Holding the tree steady (you'll need help with this) backfill the hole with soil, stopping periodically to tamp it down, and ensure the tree remains straight. When the roots are half covered, water the soil in the hole to eliminate air pockets, then continue filling and firming. To give the tree a nutritional boost and optimize drainage, incorporate a generous amount of compost into the backfill.

Slowly apply about 2 gallons of water to the soil, then apply 2 to 3 inches of mulch around the tree, beginning two inches from the trunk (applying mulch closer to the tree invites insects and other pests, and risks rot.)

Do not apply fertilizer.

Water newly planted trees regularly until frost, then resume watering in spring. Continue this regimen for the entire first growing season, again straight through frost, when roots should be fully established.

Relocating evergreens

Both needled and broadleaf evergreens are best transplanted in early spring, just after the ground has thawed, but they can be moved in August or September. Moving any later shortens the window trees have to establish a root system sufficient to survive winter. Regardless, moving evergreens can be risky, so proceed with caution and do so only if you can accept failure.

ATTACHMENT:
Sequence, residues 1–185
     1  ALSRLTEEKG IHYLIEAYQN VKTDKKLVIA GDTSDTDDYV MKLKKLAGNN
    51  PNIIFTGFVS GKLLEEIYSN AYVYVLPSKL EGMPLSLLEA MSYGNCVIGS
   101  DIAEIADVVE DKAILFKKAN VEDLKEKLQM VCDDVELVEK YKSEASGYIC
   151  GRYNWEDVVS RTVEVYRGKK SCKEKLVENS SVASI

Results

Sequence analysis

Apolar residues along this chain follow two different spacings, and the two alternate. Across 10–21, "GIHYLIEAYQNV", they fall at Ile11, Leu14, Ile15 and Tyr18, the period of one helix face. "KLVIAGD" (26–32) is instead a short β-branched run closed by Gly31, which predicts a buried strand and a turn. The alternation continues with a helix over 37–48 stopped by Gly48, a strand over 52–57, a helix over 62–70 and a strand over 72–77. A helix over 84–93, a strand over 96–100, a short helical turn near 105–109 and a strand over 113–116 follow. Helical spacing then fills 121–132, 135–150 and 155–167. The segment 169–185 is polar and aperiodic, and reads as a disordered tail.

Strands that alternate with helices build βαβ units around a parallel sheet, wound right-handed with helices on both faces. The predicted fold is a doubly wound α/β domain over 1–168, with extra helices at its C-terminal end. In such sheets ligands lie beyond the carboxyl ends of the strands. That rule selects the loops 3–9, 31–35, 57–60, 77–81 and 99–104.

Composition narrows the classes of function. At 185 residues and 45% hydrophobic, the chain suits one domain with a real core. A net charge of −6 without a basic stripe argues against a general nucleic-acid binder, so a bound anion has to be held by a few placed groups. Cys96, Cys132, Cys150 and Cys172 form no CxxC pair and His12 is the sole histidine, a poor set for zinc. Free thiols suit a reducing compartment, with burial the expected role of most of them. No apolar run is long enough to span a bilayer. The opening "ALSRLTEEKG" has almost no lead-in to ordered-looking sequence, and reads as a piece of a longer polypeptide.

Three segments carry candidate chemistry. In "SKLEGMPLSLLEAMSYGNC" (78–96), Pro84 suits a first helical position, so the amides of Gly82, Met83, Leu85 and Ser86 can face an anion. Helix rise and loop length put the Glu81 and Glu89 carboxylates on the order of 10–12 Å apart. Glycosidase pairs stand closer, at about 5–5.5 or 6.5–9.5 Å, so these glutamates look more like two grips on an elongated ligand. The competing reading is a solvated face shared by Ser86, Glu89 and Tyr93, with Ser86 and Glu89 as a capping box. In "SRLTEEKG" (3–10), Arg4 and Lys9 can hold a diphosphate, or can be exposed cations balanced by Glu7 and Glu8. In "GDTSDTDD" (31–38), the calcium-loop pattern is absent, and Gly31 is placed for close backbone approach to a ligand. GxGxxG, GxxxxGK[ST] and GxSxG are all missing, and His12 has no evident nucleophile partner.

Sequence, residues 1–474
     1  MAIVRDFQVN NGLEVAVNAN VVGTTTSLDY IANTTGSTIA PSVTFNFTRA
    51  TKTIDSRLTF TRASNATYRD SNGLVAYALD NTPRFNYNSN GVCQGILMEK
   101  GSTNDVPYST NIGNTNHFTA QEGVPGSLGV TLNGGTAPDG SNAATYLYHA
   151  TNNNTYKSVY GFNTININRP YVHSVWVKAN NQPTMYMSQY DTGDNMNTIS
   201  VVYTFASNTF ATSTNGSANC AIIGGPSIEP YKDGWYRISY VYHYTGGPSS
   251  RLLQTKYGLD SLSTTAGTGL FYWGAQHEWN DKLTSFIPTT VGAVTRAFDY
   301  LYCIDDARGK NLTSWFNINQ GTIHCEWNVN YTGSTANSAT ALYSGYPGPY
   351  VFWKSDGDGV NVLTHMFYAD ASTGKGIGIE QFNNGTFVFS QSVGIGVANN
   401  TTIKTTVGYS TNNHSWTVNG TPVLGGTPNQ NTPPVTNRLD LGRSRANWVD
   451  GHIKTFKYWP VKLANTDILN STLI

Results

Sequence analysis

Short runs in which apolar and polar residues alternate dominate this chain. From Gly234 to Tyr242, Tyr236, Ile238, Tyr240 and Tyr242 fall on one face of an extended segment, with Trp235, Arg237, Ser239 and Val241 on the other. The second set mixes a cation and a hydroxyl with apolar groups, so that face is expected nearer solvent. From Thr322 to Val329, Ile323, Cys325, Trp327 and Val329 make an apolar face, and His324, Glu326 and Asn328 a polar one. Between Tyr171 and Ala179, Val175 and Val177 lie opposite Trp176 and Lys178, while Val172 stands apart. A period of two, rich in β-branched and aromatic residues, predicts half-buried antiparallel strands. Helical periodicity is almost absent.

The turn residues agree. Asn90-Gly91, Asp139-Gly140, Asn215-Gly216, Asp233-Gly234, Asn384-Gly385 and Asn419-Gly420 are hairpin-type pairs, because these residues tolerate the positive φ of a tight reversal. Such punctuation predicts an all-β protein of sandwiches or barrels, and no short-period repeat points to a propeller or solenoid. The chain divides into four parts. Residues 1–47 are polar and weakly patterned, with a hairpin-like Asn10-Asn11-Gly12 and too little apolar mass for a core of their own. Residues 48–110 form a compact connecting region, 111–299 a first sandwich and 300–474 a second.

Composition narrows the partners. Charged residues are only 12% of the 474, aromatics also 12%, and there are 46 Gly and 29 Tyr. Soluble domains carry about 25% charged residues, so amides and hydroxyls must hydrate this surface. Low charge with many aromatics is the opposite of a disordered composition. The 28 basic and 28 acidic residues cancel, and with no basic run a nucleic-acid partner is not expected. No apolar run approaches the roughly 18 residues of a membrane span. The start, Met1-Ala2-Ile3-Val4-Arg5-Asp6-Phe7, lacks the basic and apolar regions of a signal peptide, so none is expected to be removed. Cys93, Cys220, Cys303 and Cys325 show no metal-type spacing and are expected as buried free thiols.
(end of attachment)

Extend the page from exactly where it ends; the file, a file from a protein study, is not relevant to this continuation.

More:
Instead of measuring the diameter of the trunk, as for deciduous trees, you'll need to measure the spread of your evergreen's branches to determine how far the roots extend and plan the size of the new planting hole. If the branches on each side of the tree extend 12 inches, dig a hole 9 inches deep and 12 inches wide. If the branch spread is 3 feet, the roots can be assumed to stretch roughly 16 inches wide and 12 inches deep. Trees with a 5-foot branch spread have roots that are roughly 22 inches wide and 15 inches deep. Prepare a new hole before digging up the tree to minimize the time roots are exposed.

Tie up branches to protect them from being broken during the move; this will also help you see what you're doing and improve access to the soil around the tree. Taking the previous measurements into account, dig up the tree. If you notice roots extend farther or deeper, you can safely cut them off at the recommended size, as that would be sufficient to support a tree of that size.

Place the uprooted tree on a square of burlap (as instructed for deciduous trees) and carry or wheel the tree to the prepared planting hole. Place the tree in the hole, ensuring the top of the root ball is at the same depth it was previously; hold it straight and backfill with removed soil (preferably mixed with compost), tamping as you go to firm the soil and remove air pockets, and watering midway during planting.

Water well, then apply 2 to 3 inches of mulch over the entire root ball, beginning two inches from the trunk. Keep soil moist, but never soggy, until frost.

Evergreens are so named because they don't enter complete dormancy, as deciduous trees do, but remain green year-round. This means they also require water over winter. This is especially important for newly planted or transplanted trees, so keep a hose connected for water during extended dry spells in the absence of snow cover.